Saturday, November 06, 2004

BUSH'S BOHOS. I've been hearing a lot of stories lately, here and elsewhere, of hard-working, decent people of cosmopolitan tastes whose votes for Bush I am invited to respect.

These folks read The Onion, they go to the theatre (except when they don't like the director's politics, then they abstain -- hey, I guess my going to see Team America proves that Democrats have no moral center!), they listen to both C&W and indie rock (and would probably refuse to believe that I, an unrepentant Kerry voter, can appreciate and have even played in both C&W and indie rock bands), and all that good stuff.

But they couldn't vote for Kerry because he betrayed the Democrats' "old, Kennedyesque liberal ideals (anti-authoritarianism, tolerance of other Americans)" (while their vote for Bush was a vote "for the ideals that once formed the Democratic party’s base"). And because he demonized the rich, talked about his Vietnam service, etc.

They are full of advice for their ex-comrades, as are their readers, but while the readers' advice tends to be of the fuck-off-and-die variety ("No compromise with a collection of DEFEATISTS headed by Kennedy,Pelosi,Dean,fueled by Michael Moore insanity is acceptable... For one world view to prosper the other must wither and die"), the kinder, gentler Bush voters advise more in sorrow than in anger. In fact, some claim to have "more respect for Kerry than do many of the people who voted for him." (With respect like that, who needs contempt?) But there was all that "shameful hetero-bashing." How can you vote for a guy like that, much as you respect him?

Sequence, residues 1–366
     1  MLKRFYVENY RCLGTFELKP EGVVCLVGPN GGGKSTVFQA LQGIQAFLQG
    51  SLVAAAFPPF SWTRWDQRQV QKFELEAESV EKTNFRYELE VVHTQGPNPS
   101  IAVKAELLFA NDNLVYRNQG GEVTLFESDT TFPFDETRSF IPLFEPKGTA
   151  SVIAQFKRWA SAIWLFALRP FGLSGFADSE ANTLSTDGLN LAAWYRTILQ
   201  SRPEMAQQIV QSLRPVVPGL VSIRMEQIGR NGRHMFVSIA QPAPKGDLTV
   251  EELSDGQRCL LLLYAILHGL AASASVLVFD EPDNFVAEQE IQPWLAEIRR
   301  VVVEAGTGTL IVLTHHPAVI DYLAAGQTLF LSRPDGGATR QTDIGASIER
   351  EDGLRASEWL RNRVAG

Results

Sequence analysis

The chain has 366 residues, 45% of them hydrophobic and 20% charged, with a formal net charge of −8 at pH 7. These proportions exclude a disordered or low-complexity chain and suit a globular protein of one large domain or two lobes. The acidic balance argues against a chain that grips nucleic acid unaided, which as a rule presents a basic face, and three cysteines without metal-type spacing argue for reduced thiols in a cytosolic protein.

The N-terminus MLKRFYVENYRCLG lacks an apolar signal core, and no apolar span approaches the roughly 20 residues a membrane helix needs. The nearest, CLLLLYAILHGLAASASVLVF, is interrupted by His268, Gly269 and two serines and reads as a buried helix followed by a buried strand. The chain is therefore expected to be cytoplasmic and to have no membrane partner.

And they allow as how they might vote Democratic sometime if Democrats become more Republican.

They all sound like perfectly reasonable people, and I appreciate the time they've spent telling me how reasonable they are. But my response was written long ago:
Yes, that's very pretty. I heard a story once. As a matter of fact, I've heard a lot of stories in my lifetime. They went along with the sound of a tinny piano playing in the parlor downstairs. "Mister, I met a man once when I was a kid," it'd always begin. Huh. I guess neither one of our stories was very funny.
Typical liberal me, invoking discredited Hollywood morality.

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